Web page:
The Administration of Palestine is required, under Article 6 of the Mandate, "while ensuring that the rights and position of other sections of the population are not prejudiced," to encourage "close settlement by Jews on the land," and no restriction has been imposed hitherto on the transfer of land from Arabs to Jews. The Reports of several expert Commissions have indictaed that, owing to the natural growth of the Arab population and the steady sale in recent years of Arab land to Jews, there is now in certain areas no room for further transfers of Arab land, whilst in some other areas such transfers of land must be restricted if Arab cultivators are to maintain their existing standard of life and a considerable landless Arab population is not soon to be created. In these circumstances, the High Commissioner will be given general powers to prohibit and regulate transfers of land. These powers will date from the publication of this statement of policy and the High Commissioner will retain them throughout the transitional period.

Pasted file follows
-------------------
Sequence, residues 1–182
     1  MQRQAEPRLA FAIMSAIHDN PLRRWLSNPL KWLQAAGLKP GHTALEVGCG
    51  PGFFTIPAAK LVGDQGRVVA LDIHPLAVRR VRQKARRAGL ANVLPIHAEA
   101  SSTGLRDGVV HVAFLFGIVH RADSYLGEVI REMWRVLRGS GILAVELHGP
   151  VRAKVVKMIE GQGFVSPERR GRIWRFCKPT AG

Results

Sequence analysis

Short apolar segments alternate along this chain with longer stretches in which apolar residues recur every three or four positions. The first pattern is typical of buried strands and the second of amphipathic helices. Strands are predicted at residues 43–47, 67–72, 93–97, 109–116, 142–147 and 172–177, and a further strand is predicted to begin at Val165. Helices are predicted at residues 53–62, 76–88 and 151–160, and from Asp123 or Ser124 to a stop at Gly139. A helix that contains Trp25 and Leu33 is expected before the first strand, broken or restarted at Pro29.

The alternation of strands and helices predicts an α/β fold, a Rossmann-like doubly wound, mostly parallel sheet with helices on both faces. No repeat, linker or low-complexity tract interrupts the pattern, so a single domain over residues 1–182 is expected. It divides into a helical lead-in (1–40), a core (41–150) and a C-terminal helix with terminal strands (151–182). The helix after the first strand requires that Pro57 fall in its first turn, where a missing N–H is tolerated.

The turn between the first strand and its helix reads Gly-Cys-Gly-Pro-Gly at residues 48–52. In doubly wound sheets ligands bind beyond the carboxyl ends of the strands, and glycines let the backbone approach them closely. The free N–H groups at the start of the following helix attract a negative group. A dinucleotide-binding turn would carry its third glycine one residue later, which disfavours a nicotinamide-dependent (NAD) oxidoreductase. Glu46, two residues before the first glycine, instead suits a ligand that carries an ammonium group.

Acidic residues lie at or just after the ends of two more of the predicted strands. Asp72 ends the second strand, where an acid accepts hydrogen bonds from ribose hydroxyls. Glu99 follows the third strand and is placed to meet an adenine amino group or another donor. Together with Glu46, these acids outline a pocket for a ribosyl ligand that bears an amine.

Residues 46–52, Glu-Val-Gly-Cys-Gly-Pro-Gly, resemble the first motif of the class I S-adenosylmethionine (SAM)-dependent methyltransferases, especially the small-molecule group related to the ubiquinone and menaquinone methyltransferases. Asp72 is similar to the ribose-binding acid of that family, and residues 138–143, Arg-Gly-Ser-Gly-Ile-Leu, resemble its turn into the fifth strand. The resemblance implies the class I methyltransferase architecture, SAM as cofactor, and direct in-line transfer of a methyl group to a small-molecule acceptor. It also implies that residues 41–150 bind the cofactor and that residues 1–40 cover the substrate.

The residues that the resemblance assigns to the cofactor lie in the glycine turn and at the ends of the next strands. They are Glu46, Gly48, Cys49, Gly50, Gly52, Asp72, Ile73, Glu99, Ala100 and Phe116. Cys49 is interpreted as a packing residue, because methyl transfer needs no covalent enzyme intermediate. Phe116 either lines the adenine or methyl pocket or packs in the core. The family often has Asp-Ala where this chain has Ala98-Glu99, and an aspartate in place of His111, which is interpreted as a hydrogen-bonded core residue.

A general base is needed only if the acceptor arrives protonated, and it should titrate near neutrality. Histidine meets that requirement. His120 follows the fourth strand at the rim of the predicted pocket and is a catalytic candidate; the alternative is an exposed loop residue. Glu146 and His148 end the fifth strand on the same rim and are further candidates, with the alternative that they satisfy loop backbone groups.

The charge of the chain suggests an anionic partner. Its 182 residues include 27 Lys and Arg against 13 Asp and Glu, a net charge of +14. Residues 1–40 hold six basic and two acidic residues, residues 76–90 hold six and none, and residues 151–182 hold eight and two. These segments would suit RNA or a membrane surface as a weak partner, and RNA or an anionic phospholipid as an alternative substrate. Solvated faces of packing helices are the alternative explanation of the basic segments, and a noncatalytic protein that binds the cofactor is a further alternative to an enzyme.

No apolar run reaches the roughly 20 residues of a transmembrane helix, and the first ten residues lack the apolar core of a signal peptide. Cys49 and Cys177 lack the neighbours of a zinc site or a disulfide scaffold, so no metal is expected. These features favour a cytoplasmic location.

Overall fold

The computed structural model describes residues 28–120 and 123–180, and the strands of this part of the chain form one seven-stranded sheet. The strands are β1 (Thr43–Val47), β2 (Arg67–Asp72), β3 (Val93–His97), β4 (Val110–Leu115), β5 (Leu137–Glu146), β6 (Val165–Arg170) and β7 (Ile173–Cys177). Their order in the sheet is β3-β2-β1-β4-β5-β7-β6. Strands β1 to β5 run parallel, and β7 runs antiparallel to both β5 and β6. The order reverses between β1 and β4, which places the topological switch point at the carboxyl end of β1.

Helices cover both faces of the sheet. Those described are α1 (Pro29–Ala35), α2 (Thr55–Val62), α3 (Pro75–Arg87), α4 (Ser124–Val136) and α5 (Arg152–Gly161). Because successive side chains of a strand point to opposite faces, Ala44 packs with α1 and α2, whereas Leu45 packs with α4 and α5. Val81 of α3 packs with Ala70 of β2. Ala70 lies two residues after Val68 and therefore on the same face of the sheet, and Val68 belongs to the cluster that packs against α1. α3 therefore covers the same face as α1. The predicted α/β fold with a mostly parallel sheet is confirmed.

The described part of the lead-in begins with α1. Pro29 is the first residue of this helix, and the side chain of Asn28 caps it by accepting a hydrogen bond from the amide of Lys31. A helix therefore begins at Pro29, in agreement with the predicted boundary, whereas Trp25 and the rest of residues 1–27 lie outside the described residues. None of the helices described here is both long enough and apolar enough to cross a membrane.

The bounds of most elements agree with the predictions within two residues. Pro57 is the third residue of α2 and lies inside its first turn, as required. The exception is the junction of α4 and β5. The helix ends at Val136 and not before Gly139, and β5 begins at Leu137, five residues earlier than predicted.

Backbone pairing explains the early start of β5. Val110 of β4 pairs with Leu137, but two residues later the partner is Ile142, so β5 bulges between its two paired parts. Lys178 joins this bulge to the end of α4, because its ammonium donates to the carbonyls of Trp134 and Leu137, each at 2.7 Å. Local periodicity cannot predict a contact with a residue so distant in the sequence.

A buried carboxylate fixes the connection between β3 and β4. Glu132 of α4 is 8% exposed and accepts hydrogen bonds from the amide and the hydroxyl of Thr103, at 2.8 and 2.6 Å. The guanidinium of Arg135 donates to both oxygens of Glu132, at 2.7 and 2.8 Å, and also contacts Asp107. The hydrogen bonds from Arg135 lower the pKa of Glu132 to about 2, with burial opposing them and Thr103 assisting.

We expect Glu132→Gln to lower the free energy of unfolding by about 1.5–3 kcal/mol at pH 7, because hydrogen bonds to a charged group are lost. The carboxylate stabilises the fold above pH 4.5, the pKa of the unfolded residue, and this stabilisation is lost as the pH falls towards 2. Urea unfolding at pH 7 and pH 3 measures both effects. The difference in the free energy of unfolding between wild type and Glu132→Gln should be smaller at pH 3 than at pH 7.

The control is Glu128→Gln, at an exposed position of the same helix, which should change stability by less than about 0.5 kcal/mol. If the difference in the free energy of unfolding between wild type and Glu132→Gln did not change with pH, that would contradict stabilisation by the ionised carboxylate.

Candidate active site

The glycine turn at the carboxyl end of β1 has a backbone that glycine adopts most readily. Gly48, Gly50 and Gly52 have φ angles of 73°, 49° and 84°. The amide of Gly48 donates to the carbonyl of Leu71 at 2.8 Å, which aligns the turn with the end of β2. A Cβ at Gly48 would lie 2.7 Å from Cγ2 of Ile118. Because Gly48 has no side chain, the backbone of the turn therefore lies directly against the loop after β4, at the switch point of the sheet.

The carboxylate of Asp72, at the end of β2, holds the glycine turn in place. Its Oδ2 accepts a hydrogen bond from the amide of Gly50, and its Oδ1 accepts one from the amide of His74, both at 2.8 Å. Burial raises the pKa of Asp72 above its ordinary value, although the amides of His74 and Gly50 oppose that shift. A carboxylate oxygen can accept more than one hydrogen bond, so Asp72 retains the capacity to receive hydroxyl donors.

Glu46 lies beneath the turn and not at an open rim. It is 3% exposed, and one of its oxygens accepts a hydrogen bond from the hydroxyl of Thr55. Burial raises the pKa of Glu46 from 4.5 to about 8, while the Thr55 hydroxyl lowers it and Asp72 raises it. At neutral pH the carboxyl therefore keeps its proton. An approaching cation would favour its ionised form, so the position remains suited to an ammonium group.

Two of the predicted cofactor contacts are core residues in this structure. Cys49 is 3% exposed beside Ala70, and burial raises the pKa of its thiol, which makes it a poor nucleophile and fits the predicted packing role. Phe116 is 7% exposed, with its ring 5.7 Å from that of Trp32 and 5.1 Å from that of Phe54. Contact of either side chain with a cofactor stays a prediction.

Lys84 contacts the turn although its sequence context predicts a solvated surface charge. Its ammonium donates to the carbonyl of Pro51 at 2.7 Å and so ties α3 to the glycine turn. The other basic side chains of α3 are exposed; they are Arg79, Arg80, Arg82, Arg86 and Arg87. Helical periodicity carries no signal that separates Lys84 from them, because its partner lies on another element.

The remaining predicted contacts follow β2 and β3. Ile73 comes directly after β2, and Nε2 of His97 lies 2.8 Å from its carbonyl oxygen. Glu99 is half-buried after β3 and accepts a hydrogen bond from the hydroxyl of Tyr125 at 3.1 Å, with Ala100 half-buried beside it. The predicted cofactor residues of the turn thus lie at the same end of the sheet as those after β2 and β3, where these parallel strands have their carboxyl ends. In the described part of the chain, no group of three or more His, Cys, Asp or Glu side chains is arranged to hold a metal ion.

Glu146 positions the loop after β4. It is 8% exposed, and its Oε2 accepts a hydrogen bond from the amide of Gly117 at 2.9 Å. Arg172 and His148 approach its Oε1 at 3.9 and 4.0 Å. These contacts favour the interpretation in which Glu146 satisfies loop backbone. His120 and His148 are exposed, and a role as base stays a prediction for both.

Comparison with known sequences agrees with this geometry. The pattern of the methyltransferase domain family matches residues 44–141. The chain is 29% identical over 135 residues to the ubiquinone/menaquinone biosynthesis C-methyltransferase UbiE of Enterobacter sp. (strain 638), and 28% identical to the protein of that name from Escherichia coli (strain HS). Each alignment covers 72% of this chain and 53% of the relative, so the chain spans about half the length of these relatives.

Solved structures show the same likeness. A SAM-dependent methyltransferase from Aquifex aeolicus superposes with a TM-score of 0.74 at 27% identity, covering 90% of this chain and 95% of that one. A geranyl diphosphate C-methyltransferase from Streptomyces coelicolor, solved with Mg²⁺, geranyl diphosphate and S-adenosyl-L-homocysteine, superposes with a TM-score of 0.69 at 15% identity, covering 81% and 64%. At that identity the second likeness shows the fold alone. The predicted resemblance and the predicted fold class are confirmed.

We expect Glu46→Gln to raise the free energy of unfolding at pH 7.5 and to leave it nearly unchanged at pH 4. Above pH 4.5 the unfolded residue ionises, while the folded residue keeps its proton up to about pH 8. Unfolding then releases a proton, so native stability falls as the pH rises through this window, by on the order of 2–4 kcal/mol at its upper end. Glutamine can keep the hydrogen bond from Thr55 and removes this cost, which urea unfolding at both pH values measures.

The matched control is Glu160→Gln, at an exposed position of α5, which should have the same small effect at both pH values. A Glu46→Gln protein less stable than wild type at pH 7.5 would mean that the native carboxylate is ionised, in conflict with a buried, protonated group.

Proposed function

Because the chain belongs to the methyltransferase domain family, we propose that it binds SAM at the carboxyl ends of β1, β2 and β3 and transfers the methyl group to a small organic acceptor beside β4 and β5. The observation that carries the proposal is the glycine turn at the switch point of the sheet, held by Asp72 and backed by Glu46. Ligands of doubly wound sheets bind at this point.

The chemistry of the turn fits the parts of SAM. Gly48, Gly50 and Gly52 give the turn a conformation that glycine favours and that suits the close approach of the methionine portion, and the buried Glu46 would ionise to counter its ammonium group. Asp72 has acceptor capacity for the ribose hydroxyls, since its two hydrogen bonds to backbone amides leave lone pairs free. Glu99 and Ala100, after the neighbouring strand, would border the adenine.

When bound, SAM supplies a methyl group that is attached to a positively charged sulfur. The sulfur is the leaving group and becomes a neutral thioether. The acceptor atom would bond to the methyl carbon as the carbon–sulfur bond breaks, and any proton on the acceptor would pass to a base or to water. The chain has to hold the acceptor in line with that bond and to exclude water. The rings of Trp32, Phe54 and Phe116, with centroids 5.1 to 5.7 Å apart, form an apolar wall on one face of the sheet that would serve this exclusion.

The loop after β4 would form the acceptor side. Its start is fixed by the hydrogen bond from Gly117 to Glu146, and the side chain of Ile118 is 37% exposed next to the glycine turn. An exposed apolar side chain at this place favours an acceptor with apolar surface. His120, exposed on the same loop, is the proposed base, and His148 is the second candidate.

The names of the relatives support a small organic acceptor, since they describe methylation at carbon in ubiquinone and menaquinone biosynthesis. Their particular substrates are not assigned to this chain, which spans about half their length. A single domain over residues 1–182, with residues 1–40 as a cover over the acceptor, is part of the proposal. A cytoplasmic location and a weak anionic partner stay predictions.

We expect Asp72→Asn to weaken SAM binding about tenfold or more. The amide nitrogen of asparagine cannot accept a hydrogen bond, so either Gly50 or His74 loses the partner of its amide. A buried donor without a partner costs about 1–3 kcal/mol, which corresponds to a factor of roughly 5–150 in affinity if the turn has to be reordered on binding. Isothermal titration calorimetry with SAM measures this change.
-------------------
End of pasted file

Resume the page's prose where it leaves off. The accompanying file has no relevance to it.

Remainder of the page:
The policy of the Government will be directed towards the development of the land and the improvement, where possible, of methods of cultivation. In the light of such development it will be open to the High Commissioner, should he be satisfied that the "rights and position" of the Arab population will be duly preserved, to review and modify any orders passed relating to the prohibition or restriction of the transfer of land.
framing these proposals His Majesty's Government have sincerely
endeavoured to act in strict accordance with their obligations under the
Mandate to both the Arabs and the Jews. The vagueness of the phrases
employed in some instances to describe these obligations has led to
controversy and has made the task of interpretation difficult. His
Majesty's Government cannot hope to satisfy the partisans of one party or
the other in such controversy as the Mandate has aroused. Their purpose is
to be just as between the two people in